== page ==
“Counting the beats,
Counting the slow heart beats,
The bleeding to death of time in slow heart beats,
Wakeful they lie.” — Robert Graves

(this unusual XKCD does not embed, please click to be mesmerised by it)

Setting Up Our Voice-Over-IP Phone System

Simon Phipps:

Interested in Raspberry Pi or VoIP? You’ll want to read about our new telephone system at work!

Originally posted on Meshed Insights & Knowledge:

As I mentioned recently on Google+, I’ve recently installed a telephone system for Meshed Insights using a Raspberry Pi. Here’s a description of the system I’ve put together.

Raspberry PI PBX

The brains live in a model B Raspberry Pi. I installed the GNU/Linux distribution Raspbian using the easy NOOBS on an SD card, then installed RasPBX — FreePBX and Asterisk — using the Pi Store via the desktop as that was easiest. I enabled sshd so I can log in from the office (using a private key so it’s less hackable), set the unit to have a fixed IP on our internal network and then disconnected the keyboard, mouse and screen. The system now runs headless in our server room.

View original 662 more words

Bitcoin Commodity Exchange

Turns out you can buy and trade Bitcoin mining capacity as well as Bitcoin. As I’m gradually learning more about the Bitcoin world, I’m finding a rapidly maturing technology space. I just stumbled across a commodity exchange, for example. Akin to an exchange trading gold or oil, this one trades the capacity to mine Bitcoin — processing power measured in GHash/sec.

Called cex.io the exchange looks easy enough to understand. One advantage of trading processing power is all the time you earn it, you also earn the Bitcoin the associated processing power creates. I’ll be giving it a try with a small amount of Bitcoins to see what happens — as described it looks like a better “savings account” for Bitcoin than keeping them on a computer here.

2013 in review

WordPress.com stats helper monkeys prepared a 2013 annual report for this blog.

Here’s an excerpt:

The concert hall at the Sydney Opera House holds 2,700 people. This blog was viewed about 27,000 times in 2013. If it were a concert at Sydney Opera House, it would take about 10 sold-out performances for that many people to see it.

Click here to see the complete report.

New Police Powers

Adding Bitcoin Subscriptions

If you’d like to support my writing, I can now accept donation of Bitcoins.  You can subscribe to make a monthly donation, or make a one-off donation.  I’m using Coinbase to handle this, I’d welcome input on other people’s experiences.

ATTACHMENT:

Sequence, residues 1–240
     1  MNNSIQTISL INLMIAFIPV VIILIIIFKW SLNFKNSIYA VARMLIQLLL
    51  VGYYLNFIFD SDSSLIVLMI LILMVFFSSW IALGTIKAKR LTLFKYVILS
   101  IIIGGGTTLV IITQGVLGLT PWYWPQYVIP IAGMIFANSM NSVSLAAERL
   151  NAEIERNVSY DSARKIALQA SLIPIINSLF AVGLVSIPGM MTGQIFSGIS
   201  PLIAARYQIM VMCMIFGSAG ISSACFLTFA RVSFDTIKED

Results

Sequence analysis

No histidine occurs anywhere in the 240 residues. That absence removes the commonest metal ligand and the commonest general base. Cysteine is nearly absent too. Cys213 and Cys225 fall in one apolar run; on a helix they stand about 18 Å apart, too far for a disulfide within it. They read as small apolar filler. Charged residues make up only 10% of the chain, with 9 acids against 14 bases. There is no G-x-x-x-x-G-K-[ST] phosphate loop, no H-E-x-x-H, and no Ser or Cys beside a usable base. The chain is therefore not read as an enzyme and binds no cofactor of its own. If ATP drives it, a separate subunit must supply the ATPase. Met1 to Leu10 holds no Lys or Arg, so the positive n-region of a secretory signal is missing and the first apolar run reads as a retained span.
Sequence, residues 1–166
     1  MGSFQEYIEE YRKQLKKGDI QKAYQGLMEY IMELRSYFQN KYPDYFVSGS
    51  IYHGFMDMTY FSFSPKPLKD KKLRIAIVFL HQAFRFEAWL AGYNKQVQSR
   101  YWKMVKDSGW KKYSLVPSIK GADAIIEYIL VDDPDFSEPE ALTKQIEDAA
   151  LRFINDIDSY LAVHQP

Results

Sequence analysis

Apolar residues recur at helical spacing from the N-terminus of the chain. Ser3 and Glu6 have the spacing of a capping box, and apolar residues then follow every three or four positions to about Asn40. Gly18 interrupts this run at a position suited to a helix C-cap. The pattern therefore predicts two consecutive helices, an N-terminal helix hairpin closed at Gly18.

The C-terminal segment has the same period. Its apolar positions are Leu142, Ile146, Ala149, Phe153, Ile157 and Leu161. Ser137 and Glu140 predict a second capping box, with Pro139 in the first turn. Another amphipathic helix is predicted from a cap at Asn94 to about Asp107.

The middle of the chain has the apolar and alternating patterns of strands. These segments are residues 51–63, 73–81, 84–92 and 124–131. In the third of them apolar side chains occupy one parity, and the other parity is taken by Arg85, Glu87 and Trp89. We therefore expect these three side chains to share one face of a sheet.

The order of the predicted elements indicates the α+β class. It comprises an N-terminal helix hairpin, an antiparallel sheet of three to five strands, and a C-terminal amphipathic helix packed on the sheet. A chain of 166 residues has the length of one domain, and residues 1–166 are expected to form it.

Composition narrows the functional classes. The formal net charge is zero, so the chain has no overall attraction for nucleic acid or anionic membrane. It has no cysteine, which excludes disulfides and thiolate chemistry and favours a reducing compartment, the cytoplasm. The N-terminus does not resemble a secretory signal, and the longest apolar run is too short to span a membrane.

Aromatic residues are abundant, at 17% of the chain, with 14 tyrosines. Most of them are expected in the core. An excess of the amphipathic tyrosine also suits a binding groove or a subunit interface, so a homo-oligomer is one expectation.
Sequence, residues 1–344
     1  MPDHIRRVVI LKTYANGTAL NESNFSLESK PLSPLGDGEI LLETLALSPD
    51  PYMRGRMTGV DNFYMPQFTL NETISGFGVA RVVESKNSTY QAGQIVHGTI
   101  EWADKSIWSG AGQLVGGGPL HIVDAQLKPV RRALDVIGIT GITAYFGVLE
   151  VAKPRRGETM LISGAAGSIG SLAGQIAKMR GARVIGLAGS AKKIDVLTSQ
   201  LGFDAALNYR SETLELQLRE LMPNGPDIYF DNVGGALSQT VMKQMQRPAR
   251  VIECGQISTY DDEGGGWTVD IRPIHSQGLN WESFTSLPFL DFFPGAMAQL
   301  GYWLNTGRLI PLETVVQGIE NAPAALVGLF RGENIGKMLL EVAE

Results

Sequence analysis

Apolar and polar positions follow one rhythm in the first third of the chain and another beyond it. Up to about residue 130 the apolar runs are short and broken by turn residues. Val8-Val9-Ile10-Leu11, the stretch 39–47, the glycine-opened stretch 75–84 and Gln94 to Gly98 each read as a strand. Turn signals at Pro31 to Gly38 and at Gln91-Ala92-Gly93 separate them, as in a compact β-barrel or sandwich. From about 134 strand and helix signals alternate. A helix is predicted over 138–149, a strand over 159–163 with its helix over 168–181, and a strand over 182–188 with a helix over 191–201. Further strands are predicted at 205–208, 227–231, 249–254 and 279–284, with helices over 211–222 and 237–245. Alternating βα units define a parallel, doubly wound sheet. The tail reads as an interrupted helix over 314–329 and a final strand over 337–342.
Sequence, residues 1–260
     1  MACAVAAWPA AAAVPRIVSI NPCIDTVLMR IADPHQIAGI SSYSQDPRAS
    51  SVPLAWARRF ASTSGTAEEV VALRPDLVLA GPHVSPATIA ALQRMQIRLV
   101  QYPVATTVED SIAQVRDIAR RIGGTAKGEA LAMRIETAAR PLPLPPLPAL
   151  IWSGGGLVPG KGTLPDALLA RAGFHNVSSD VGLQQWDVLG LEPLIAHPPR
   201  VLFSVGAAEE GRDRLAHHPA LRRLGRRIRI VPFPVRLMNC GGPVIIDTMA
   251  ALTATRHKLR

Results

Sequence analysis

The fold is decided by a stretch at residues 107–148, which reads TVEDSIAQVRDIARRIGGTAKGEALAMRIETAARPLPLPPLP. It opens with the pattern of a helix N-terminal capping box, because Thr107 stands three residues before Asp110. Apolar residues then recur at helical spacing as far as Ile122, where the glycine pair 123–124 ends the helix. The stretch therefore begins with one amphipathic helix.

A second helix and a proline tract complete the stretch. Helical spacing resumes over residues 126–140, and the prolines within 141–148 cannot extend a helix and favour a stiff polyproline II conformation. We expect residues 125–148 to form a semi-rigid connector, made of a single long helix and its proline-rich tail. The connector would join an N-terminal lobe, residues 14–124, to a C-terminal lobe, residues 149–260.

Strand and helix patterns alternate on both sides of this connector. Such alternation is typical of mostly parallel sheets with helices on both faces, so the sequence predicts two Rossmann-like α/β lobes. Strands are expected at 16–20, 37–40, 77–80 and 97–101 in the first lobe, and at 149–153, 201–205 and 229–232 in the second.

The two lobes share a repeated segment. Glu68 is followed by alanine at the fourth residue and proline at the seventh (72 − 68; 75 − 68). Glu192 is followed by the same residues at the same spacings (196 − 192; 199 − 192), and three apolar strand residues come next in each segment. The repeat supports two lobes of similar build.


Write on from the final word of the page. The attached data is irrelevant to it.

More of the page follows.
Chocolate Martini Redux

Almost ten years ago I posted a recipe for a very different style of chocolate martini. Most of the variants of this drink I have tried have had a chocolate taste but a texture that seems incongruously light and watery. Not this one; it’s dense and rich like melted chocolate.

It was the top hit on my web site for many years, but my recent web site migration means the original URLs have gone dark. So here’s the recipe again, just in time for the holidays!

Chocolate Orange Martini

Chocolate Martini
If you’ve made chocolate sauce, you’ll know that you melt chocolate and then keep it liquid when it cools by adding a solvent – usually fat (in the form of cream). It struck me that one could probably use alcohol instead. Here’s roughly the recipe I use; it makes shots for at least 10 people.

  • 1 bar high cocoa ratio chocolate (150g)
  • Grated chocolate for garnish
  • Chocolate truffle per glass (optional)
  • 200 ml vodka
  • 100 ml curaçao or other triple sec/orange liqueur
  • 50 ml single (pouring) cream
  • 75 ml coconut cream (not coconut milk or coconut water)

Melt the chocolate carefully (I use a double-boiler) and when it’s liquid slowly stir in the vodka 25ml at a time to start with and then 50ml at a time. Then shake with everything else with plenty of ice in a large cocktail shaker. Strain and serve – I recommend straining into a small jug so that the melting ice doesn’t dilute the drink too much as you’re carefully pouring it.

Although I show it here in cocktail glasses, the drink is so rich and dense that I suggest serving it in shot glasses instead.  Garnish with a dusting of grated chocolate from the same bar you used for the drink. Optionally serve with a single rich chocolate truffle in the bottom of the glass as a reward.


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